Saturday, July 15, 2006


It is a beautiful day here in Acton. I'm hanging around the condo waiting for the Verizon repair person to fix the phone. The thunderstorms that went through earlier this week did something horrible to our line and now all I hear when I pick up the receiver is screeching static. Of course, the window for when they might do this repair is something like 8 AM to 4 PM. Ugh.
Today is the CQ WW VHF contest (you can find the rules here). I did pretty well in last year's contest and had a great time. The follow-up article even quoted me

Meanwhile, NE1RD extolled the virtues of the QRP Hilltopper category, “working from atop Mt. Wachusett in FN42 with a cool breeze, cool drinks, and a great view.”

Up on Mount Wachusett the view really is great but the flat parking lot at the top doesn't provide too many ways to pop up antennas. Last year I used a painter's pole to hold up my Arrow 2m antenna. There wasn't a good way to guy it so I used bungie cords to lash it to the back of my ugly Honda Element. This really wasn't a good arrangement.
On 6m I used my Buddipole which had its own tripod and 16-foot mast. Instead of guying the thing, I hung a heavy weight from the bottom of the tripod with a bungie and it was pretty solid.
This year I purchased an MFJ 6m beam that I had hoped to take up there. Of course, figuring out a way to hold it up on that concrete and gravel parking lot will be a challenge. In many ways, operating from the top of Wachusett is like operating in a typical island DX location: I've got a great view of the horizon in all directions, and I am the tallest thing I can see for miles!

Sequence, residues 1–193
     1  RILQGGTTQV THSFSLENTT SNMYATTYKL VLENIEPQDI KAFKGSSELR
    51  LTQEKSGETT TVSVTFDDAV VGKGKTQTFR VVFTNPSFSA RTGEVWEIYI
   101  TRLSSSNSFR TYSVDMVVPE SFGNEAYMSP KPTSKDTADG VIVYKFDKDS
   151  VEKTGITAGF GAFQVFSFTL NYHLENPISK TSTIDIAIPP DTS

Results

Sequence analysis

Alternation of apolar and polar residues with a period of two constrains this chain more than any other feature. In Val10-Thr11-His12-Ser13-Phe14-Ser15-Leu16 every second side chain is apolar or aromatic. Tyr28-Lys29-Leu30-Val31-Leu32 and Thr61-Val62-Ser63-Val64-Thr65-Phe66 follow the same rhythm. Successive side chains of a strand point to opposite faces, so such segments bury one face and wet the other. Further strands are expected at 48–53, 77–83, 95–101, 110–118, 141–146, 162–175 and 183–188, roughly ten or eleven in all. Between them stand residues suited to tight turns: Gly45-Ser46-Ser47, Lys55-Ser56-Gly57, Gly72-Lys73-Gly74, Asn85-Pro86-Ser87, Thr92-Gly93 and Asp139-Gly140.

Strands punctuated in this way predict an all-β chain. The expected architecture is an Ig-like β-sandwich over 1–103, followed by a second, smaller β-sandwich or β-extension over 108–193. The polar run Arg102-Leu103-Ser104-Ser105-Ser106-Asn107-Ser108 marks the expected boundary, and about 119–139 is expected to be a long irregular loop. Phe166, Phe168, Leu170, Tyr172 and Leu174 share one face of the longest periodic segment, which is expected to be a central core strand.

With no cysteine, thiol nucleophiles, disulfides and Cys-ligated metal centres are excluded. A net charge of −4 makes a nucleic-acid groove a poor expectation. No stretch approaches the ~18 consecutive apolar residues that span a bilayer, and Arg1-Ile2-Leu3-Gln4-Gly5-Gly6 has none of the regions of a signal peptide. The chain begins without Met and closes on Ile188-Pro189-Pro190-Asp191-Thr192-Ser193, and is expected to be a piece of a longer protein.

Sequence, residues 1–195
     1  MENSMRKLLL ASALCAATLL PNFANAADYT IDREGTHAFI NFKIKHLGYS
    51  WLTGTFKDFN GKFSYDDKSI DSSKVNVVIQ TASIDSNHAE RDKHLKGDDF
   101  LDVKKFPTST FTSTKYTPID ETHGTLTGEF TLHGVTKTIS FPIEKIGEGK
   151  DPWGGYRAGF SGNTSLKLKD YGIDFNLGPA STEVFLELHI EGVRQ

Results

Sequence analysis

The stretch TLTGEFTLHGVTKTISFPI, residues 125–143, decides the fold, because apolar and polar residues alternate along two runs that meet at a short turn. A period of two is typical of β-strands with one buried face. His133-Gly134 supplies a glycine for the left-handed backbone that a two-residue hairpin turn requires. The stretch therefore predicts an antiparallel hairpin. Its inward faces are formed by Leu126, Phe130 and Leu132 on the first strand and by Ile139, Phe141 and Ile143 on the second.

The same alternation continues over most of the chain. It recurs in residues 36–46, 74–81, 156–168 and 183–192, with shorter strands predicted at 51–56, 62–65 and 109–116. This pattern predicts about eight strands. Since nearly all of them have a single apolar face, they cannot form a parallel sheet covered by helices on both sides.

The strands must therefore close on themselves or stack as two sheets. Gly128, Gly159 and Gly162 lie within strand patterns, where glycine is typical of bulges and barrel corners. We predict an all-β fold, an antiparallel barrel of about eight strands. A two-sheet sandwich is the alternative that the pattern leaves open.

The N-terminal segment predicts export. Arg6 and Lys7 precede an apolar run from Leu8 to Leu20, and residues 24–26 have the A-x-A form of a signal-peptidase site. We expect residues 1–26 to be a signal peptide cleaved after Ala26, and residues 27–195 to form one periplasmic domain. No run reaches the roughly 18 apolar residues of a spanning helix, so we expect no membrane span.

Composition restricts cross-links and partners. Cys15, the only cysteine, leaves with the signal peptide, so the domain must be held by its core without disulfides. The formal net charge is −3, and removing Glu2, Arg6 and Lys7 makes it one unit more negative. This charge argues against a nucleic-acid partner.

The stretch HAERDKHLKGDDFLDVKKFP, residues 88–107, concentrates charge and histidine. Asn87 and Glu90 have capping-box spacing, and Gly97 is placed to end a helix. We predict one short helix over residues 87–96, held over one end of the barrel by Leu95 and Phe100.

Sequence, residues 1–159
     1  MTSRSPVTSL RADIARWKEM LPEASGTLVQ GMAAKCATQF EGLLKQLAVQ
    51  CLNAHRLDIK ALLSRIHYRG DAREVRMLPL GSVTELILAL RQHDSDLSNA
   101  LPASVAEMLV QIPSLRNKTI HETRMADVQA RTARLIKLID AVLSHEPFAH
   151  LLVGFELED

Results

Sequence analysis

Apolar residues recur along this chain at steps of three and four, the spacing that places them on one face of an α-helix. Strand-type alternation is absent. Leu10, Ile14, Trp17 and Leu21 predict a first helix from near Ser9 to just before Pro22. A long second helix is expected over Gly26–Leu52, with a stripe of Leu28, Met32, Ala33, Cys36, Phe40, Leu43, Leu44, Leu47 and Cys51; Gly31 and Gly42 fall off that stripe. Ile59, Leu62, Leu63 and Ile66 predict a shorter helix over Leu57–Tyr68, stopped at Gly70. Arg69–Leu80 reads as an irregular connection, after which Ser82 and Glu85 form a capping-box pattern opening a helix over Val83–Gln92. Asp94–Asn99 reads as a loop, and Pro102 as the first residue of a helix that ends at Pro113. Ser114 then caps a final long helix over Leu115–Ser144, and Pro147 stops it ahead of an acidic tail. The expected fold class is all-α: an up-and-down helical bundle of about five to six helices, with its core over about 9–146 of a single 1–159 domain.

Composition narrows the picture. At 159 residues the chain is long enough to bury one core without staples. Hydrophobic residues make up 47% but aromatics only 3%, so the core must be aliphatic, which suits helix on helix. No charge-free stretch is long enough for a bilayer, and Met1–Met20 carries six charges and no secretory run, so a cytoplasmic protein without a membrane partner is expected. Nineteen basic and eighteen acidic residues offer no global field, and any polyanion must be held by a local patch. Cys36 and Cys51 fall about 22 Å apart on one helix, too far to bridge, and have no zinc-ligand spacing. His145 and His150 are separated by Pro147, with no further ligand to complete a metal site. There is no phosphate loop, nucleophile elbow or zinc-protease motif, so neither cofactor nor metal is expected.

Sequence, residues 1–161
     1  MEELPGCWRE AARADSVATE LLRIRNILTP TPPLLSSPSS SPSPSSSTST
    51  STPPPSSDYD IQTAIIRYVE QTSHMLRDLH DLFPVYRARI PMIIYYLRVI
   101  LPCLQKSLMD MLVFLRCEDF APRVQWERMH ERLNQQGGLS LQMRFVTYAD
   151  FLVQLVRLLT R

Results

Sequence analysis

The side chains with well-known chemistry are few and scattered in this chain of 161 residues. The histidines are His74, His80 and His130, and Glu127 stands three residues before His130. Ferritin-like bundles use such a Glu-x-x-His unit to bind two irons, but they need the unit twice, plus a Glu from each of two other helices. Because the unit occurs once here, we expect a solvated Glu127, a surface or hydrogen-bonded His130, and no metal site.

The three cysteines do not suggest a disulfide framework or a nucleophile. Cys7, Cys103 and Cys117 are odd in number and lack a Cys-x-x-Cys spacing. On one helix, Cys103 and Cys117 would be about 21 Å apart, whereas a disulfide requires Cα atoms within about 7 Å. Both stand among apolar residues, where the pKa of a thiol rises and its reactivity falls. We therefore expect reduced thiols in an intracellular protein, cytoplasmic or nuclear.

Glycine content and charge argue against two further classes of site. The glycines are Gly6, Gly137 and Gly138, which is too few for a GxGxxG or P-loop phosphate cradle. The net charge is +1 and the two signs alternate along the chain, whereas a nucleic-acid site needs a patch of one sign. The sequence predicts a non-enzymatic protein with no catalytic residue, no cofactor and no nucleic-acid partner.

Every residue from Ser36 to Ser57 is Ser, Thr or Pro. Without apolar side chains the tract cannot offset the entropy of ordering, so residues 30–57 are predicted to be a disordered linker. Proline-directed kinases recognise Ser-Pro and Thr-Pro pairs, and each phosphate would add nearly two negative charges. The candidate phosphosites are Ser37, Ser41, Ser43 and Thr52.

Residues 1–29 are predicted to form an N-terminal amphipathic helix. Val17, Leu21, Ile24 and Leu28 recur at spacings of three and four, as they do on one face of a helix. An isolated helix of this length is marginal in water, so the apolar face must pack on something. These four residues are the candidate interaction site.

So, with no tall trees or other structures from which to hang wires, we're stuck with bringing our own mast material and hoisting up radiators from there. With VHF-sized antennas, this isn't too much of a problem. Even the 6m beam is pretty small compared to any HF antenna. Bringing enough mast material that is strong enough to hold up a big HF yagi would be much harder. We did just that up in Maine for the K1P special event station. For that we used the Vertical Antenna Kit from The Mast Company. Five sections of the aluminum mast were put into the base bringing the Force-12 Tribander up to about 20 feet.
Sounds good, right? Check the weight, though: each mast section is 4-feet long and weights 2.2 pounds. Five sections weighed about 11 pounds. Now add the base (another couple of pounds) and some other stuff and you're nearly up to 15 pounds just for the mast. If you're going to bring one antenna, this mast, and "make do" with everything else, perhaps you can still hit your 100 pound weight budget--but it would be difficult (not impossible, just difficult).
These are great exercises to learn about your equipment, think through alternatives, and see what works (and doesn't work). I know I've mentioned this before, but it really is true: operating away from home, packing stuff and taking the radio on the road, is a great way of facing all these kinds of challenges and allows you to work out solutions and viable alternatives while you are close to home. It can help make your next DXpedition to some far away place more likely to succeed.
I don't know if I'll get to go to Wachusett today. At this point it depends on when Verizon shows up [sigh]. But, I've done lots of prep that I know will help me later.
Hope to see you on the air. I'll be FN42 if I can get on. 73!


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